Leadership: Dutch Courage

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April 25, 2012: The Netherlands did not increase their defense spending last year, and it remained at $11.2 billion. Taking inflation into account that means their defense spending actually decreased 2.9 percent. The government is also planning major cuts, especially now that Dutch combat troops are out of Afghanistan (since 2010). Soon the defense budget will be cut over ten percent in absolute terms. As a result there will be major cuts in the number of warships, armored vehicles, and combat aircraft. Personnel will be cut ten percent, down to about 60,000 (for the entire Ministry of Defense).

This is all part of a post-Cold War trend, which has led to East Asia, for the first time in centuries, spending more on defense than Western Europe. For the last six years the Dutch are having a hard time deciding what's worth fighting for. The Netherlands, as part of NATO, was obliged to send troops to Afghanistan, which it did for four years. In 2007, Dutch troops were sent south into Taliban country. This created more risk for the Dutch troops. Before that they patrolled a largely peaceful city. In the south there were plenty of hostile people with guns. An opinion poll in January, 2006, found that 45 per cent of the Dutch favored sending the troops south, while 47 per cent were opposed.

While anti-Americanism was high in Europe, the Dutch had some historical baggage causing them to resist participating in Afghan peacekeeping. The most traumatic item was a 1995 incident, where a battalion of Dutch infantry stood aside as Serb troops killed over 7,000 Moslems the Dutch were protecting at Srebrenica. Going back to World War II the Dutch put up an ineffective defense when the Nazis invaded in 1940. Thereafter, many Dutch cooperated with the Nazis and thousands volunteered to serve with the German armed forces in the war against Russia.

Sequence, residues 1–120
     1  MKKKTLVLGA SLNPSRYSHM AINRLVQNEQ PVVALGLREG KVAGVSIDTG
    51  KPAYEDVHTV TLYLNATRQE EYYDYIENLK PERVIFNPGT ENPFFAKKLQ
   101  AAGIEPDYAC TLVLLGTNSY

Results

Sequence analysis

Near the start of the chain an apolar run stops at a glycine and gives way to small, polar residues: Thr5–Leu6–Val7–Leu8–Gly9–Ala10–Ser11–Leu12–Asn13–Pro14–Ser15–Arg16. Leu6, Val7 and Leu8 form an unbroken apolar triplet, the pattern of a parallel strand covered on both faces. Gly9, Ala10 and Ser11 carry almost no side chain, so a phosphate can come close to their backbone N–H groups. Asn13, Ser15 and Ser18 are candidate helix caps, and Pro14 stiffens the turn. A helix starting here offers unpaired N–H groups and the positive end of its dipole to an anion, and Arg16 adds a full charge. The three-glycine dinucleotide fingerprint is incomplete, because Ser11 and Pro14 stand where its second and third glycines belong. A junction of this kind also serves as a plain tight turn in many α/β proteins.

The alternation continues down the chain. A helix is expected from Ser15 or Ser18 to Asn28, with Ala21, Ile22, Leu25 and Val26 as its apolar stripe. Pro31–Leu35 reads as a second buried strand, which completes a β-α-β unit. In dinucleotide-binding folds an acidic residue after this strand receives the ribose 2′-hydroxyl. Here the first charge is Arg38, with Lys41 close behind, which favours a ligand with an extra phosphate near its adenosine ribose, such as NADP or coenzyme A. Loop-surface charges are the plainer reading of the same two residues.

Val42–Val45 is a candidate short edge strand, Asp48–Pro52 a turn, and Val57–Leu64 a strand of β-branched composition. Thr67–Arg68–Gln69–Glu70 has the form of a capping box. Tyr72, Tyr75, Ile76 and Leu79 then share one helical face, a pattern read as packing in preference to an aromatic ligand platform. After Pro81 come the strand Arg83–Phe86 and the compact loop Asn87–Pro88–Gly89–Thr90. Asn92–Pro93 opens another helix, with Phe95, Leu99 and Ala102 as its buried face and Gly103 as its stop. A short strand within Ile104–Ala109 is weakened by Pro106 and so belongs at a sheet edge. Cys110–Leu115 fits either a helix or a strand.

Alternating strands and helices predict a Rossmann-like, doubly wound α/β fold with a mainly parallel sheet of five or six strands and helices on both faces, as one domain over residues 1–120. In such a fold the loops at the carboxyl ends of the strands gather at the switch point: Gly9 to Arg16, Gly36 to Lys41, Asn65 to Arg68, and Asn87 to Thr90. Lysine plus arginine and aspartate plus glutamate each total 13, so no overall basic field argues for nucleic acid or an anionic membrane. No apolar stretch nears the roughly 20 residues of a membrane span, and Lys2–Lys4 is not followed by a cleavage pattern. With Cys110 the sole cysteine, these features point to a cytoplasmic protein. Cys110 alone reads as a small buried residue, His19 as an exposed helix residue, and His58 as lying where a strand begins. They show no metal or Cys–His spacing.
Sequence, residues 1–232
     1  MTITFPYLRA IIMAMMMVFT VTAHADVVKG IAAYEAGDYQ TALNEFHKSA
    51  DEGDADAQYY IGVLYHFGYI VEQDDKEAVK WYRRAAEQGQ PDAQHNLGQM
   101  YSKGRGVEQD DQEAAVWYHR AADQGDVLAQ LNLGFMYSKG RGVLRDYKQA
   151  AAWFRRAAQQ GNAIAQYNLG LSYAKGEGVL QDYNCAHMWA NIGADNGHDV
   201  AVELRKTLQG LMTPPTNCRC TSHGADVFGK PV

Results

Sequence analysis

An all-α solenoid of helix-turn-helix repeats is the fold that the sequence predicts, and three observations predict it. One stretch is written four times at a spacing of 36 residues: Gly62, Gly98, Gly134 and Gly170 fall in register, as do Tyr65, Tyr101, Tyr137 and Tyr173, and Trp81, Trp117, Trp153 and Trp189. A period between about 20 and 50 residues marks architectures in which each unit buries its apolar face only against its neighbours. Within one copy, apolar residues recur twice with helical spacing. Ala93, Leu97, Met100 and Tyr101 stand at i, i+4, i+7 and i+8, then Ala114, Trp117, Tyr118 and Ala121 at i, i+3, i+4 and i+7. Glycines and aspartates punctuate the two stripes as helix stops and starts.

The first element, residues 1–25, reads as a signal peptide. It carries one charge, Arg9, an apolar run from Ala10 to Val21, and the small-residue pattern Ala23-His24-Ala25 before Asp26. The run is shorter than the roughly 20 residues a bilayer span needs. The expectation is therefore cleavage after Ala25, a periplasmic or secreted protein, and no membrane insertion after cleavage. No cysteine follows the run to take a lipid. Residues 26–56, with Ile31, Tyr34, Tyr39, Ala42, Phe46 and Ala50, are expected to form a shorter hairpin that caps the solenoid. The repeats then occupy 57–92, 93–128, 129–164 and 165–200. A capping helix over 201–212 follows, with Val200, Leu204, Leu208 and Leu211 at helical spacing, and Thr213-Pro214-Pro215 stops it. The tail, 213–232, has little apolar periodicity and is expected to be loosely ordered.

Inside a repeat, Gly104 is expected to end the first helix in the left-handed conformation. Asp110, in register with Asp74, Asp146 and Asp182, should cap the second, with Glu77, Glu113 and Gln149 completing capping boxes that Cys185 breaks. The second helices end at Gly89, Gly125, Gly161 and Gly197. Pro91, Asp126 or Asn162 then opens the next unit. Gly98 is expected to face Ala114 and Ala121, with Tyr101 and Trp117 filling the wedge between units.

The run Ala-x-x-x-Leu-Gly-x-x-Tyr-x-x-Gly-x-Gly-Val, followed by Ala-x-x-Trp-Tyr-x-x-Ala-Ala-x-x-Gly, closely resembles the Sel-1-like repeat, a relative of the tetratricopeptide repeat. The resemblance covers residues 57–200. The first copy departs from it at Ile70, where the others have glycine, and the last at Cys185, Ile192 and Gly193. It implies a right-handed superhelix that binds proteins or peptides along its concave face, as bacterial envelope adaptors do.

During the Cold War the Dutch dutifully provided forces for the common defense of Western Europe against the Russian armies massed along the Iron Curtain. The Dutch were often criticized for some of their practices, like a union for their troops and long haired soldiers. But Dutch troops always excelled in military competitions and exercises. The Dutch have a long and impressive military tradition. Even after their experience in World War II, everyone expected them to fight if the Russians invaded. But then the Cold War ended and the United States and Europe drifted apart on the subject of what was worth fighting for.

Many Dutch believe sending their troops to Afghanistan, to do "hard" (dangerous) peacekeeping, would just make it easier for the United States to continue peacekeeping in Iraq. Many Dutch believed the Iraq invasion was a mistake and that the United States running around, removing dictators from power, was a threat to world peace. At the same time, many Dutch feel that their soldiers should have a chance to show that they can do the right thing in peacekeeping. So do many Dutch soldiers. The massacre at Srebrenica caused a lot of soul searching and it was considered a very shameful incident.

The Dutch parliament eventually approved sending Dutch troops to Afghanistan but in order to get the votes, agreed to impose a very restrictive "rules of engagement" (ROE). This, of course, was the main cause of the disaster at Srebrenica. Thus the Dutch set themselves up for another embarrassing situation. That didn't happen. The Dutch troops saw some action for several years and 25 were killed. But with their forces out of Afghanistan there is little opposition to more cuts, bringing defense spending to less than one percent of GDP. The remaining force will be reorganized for peacekeeping missions but only less violent ones than in Afghanistan.

 


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